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Pigs fly just fine

Porked on February 18, 2024.

Someone told me, “I’m putting wings on pigs today.” But pigs can already fly. When do pigs fly? Whenever they feel like doing so.

Indeed, with sufficient thrust, pigs fly just fine. However, this is not necessarily a good idea. It’s hard to be sure where they will land and it could be dangerous sitting under them as they fly overhead. With truly sufficient thrust, what lands will be more akin to bacon, so it’s all good in the end. If you don’t mind your bacon scattered over a five-mile radius.

Why do pigs fly? To get to the other side of the road. Why do they need to be on the other side of the road? To escape the butcher turning them into bacon. Why does the butcher want to turn them into bacon? Because pigs make better bacon than lettuce ground up and painted to look like meat.

Oink, oink. Oink, oink. Splat!

My porcine woolgathering complete, I turned to bigger and better adynata. (Like fatter pigs flying higher.)

With time quickly catching up with me, I finally decided to sit down and work on my memoir, 368,000 Liters of Mountain Dew: A Life. Yet again the dords and fnords sent their drudes to haunt me; I had to put it down and perform exorcisms on all 157 rooms of my palatial abode. Then I picked it up again and tried to write some more chapters, but the screaming stars and the singing spiders started to harry me so, so hard. So, I put it down again and performed an autodefenestration from my ninth floor. (I didn’t oink when I impacted the ground, but I did go splat!)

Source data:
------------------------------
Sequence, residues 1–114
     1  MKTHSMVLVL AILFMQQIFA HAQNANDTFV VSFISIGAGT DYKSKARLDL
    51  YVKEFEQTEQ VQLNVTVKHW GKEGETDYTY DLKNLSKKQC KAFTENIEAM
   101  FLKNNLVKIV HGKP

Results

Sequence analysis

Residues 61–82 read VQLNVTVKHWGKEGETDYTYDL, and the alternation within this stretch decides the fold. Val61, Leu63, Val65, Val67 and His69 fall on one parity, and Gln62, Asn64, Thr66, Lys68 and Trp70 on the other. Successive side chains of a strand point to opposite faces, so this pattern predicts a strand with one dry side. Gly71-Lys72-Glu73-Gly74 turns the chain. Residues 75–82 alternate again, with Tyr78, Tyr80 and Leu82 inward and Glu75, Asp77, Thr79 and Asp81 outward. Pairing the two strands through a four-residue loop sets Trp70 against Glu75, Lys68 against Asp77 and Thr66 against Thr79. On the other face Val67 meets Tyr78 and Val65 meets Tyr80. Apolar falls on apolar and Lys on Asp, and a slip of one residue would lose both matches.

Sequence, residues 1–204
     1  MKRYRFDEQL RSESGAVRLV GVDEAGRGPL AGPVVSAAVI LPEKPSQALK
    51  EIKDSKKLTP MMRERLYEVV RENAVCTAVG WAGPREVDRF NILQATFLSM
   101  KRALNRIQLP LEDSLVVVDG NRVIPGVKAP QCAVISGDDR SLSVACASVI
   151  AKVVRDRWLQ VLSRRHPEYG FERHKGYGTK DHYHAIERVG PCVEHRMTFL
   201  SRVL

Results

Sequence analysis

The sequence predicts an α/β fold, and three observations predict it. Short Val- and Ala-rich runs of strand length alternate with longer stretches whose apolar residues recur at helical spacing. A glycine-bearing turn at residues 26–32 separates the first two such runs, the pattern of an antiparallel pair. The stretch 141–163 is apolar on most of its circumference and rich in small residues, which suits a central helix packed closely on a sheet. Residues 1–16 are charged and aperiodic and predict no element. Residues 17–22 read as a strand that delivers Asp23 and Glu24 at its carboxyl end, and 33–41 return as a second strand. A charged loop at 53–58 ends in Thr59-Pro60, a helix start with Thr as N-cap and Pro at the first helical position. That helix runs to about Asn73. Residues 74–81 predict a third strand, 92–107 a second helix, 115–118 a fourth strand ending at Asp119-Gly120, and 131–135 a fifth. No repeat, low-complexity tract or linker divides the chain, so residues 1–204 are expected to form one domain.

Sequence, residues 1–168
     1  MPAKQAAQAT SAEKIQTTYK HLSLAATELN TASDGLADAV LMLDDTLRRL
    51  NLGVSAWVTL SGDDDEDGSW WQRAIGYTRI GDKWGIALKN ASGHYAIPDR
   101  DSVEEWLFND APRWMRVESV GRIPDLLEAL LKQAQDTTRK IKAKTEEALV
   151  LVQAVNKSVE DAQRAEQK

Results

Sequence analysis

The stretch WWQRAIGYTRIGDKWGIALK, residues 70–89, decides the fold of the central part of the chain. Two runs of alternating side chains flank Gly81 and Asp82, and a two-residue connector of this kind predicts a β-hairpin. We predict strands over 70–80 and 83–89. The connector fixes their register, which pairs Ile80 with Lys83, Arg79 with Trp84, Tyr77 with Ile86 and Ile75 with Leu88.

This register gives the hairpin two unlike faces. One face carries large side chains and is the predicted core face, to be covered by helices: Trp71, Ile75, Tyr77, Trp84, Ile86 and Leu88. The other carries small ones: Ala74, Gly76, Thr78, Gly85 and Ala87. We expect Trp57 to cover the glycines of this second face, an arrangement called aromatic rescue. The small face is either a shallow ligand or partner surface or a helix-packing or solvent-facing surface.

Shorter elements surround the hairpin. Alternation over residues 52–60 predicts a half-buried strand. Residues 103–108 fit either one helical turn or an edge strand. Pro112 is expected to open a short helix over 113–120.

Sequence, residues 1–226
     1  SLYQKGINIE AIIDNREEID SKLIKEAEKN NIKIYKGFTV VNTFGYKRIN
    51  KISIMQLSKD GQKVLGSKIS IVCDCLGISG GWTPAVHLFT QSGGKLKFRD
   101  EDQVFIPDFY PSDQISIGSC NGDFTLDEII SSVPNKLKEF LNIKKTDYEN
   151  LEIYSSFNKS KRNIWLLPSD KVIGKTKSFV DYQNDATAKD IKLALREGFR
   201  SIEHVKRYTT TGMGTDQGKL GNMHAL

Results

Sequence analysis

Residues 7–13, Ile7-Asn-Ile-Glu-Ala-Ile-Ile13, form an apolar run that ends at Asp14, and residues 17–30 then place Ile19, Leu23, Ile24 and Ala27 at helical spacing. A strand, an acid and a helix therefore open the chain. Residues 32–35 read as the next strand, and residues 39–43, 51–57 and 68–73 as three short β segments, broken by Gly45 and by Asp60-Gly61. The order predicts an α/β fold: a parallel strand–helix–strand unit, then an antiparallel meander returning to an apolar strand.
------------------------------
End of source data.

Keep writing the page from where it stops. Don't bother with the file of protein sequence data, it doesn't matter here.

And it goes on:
Off in the distance, a flying pig oinked as it came in for landing. Becasue just watched the unfolding scene.

“Blathering blatherdiddies!” I enquavered with as much gogliodoccio as I could muster. Again I could feel my trepidation all the way down to my Golgi bodies. “Gargle My Arglebargles” by Three Fat Fish played on an endless loop in the arglecourt. An emu stretched and walked across the courtyard—while gargling. The fish may be fat but those high-flying pigs were fatter.

In here is indeed a thread of coherence—a tiny thread—if only I can weave it deftly and without throttling myself with it in the process.

Bob Moore, winner of the Golden Spurtle in 2016, is dead. Even the inventor of the Pop-Tart has popped his last tart. Was a cereal killer on the loose? Would everyone be dead soon?

I spent this morning screaming desperately into the abyss about gnomogenic global warming. Yet—no one was listening. I even had graphs to prove it. Lots of charts and graphs. And a PhD in applied gnomology. Yet no one was listening. So, I decided to once again dust off the bicycle in my garage and go for a hike while carrying it on my back.

And that’s how Andrea Dworkin and I won that fish-bicycling contest together.